In 2014, Macklemore and Ryan Lewis took home four Grammys, including Best New Artist and Best Rap Album, for 2013’s “The Heist.” While nobody was particularly surprised that the predominantly white recording academy had favored the most popular white rapper of the season, the sea of post-Grammy frustrations ran particularly deep that year. Kendrick Lamar deserved the Best New Artist Award, even though he had been putting out quality independent mixtapes since 2009. His major label debut “Good Kid M.A.A.D. City” had been considered an instant classic upon its release, and was universally favored to win Best Rap Album. Even Macklemore agreed, having sent Lamar a text message apologizing for “robbing” him. Afterwards, he self-righteously posted a screenshot of the text to his Instagram, because you can’t just do what you think is the right thing without letting everyone know.
At the time, Kendrick Lamar was my favorite artist across all genres of music. I remember being foolishly excited before the ceremony that year. It’s not often that the academy and I agree on an artist. In fact, it’s so rare that I’m skeptical when it happens. Yet Lamar was one the few artists who had managed to harness mainstream appeal while compromising little to none of his artistic integrity. I felt even more the fool when he lost, having gotten my hopes up for a ceremony that continually disappoints. It’s like having a significant other that cheats on you once a year, yet every year you happily take them back, only to catch them again. At least this time, I didn’t get a “sorry for stealing your girlfriend” text from Macklemore.
This year, Lamar took home five awards, including Best Rap Album and Best Music Video. Macklemore is nowhere to be found. This could be proof that musical pandering and gimmickry will never stand the test of time. Macklemore’s hit “Thrift Shop” will be recognized as a moment, with both its beginning and end resting comfortably in 2014. The Grammys tend to award moments and clichés like these, yet disguise them as measurements of musical excellence. In the end, it’s like a giant popularity contest, where everyone stands around and says, “Now, let’s not make this a popularity contest.”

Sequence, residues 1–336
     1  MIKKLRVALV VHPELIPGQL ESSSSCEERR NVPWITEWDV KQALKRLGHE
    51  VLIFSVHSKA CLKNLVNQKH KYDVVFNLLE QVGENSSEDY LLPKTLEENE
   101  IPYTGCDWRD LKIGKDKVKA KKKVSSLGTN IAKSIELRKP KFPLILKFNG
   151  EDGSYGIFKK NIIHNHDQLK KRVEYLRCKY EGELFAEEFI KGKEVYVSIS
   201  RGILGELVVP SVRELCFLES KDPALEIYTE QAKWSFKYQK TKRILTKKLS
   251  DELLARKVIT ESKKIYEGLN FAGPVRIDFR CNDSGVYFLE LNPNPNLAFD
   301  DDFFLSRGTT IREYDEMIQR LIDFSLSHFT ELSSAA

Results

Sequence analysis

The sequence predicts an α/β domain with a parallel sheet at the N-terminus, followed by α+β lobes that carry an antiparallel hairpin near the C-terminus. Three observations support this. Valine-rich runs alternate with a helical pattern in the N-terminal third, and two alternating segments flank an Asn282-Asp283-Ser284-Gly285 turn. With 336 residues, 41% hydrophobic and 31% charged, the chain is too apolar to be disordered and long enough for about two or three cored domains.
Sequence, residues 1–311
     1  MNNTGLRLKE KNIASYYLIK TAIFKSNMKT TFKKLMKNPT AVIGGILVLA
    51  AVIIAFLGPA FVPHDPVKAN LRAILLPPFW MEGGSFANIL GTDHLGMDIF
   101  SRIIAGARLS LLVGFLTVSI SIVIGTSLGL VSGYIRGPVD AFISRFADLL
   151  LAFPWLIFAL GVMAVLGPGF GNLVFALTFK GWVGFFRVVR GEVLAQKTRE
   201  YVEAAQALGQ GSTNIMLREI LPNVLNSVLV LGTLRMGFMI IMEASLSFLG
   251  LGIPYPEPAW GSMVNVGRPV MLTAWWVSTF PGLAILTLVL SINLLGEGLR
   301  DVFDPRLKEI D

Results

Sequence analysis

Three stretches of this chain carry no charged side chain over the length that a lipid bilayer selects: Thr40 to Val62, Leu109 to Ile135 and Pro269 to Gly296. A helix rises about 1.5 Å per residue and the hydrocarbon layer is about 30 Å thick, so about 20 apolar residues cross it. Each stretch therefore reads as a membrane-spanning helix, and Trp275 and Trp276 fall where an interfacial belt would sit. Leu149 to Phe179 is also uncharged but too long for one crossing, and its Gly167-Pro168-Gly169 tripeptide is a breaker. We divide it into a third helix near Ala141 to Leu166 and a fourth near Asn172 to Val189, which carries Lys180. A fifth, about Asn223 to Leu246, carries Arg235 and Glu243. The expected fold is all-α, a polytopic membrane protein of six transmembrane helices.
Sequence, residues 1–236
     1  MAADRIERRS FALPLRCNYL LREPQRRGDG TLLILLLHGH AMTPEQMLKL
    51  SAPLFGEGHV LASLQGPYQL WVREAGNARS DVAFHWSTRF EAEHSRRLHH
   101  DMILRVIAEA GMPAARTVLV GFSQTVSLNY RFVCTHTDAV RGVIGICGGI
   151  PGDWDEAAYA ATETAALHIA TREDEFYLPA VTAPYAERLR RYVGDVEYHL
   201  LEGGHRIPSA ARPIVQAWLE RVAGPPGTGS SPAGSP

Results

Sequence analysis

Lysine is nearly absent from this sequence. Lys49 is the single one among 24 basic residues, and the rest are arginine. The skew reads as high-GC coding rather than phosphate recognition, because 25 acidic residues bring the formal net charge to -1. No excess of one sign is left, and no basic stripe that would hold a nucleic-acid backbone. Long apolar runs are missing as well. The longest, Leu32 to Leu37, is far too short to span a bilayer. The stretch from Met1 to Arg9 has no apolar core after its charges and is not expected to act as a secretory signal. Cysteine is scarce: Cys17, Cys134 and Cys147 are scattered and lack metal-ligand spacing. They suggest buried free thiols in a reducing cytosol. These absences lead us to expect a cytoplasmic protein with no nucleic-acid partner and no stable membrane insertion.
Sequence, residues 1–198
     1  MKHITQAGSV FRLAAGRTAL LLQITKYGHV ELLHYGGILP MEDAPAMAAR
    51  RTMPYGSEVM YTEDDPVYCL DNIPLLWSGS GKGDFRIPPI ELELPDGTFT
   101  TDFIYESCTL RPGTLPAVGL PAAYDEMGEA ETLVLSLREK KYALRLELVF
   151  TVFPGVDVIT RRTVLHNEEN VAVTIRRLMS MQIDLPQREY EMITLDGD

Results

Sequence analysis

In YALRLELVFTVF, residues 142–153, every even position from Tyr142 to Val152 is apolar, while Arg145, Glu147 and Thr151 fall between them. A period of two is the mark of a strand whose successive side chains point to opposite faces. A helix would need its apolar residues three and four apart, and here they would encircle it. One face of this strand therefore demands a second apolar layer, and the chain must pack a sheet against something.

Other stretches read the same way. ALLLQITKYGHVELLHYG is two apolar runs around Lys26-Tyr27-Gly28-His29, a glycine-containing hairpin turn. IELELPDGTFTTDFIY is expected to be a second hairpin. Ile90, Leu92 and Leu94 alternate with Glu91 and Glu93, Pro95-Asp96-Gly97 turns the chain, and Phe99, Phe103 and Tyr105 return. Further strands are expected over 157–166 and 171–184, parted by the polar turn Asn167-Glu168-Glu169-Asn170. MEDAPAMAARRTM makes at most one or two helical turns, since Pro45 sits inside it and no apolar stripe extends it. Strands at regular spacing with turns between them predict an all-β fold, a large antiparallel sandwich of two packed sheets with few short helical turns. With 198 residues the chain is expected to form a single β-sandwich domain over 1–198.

The Grammys have consistently struggled to be an accurate measurement of artistic diversity and talent. Women represented only 17 of the 84 winners last week. Neil Portman, the current president of the recording academy, advised women to “step up” when asked why they represented so few of the night’s winners. It’s a surprising answer considering the current climate of the entertainment industry. You’d have to be living under a rock to not know how offensive that statement was, regardless of the generation. These are the kinds of individuals deciding who wins the most prestigious music award in the country. That’s why being snubbed at the Grammys is almost a rite of passage for an upcoming artist.
Lamar’s opening performance was easily the most captivating moment of the entire show. Cardi B graced the stage to perform a song with the night’s big winner, Bruno Mars, for a rendition of his track “Finesse.” While the moment felt authentic, she wasn’t given the space to showcase what was arguably 2017’s biggest hit, “Bodak Yellow,” which sat atop the Billboard 100 for three consecutive weeks, making her the first female rapper to do so since Lauryn Hill in 1998. At this time last year, she was virtually unknown. Her rise to pop superstardom was this year’s most important underdog story. She deserved far more than a guest spot from Bruno Mars, whose privileged existence stems from a family of musicians, and yet he still can’t make music for anybody other than drunk people at weddings.
The voting committee is out of touch with the music that truly speaks to a generation of information overload. Music accessibility is easier than ever. Streaming services create playlists for you and literally tell you what you want to hear. Yet the best songs, from unknown artists that aren’t reaching algorithm-ridden playlists, require some digging, as they always have. If we looked only to the radio and the academy to dictate our music tastes, songs like “Bodak Yellow” wouldn’t even exist to us. In order for The Grammys to be taken seriously by young people, we need young people to be involved in the process.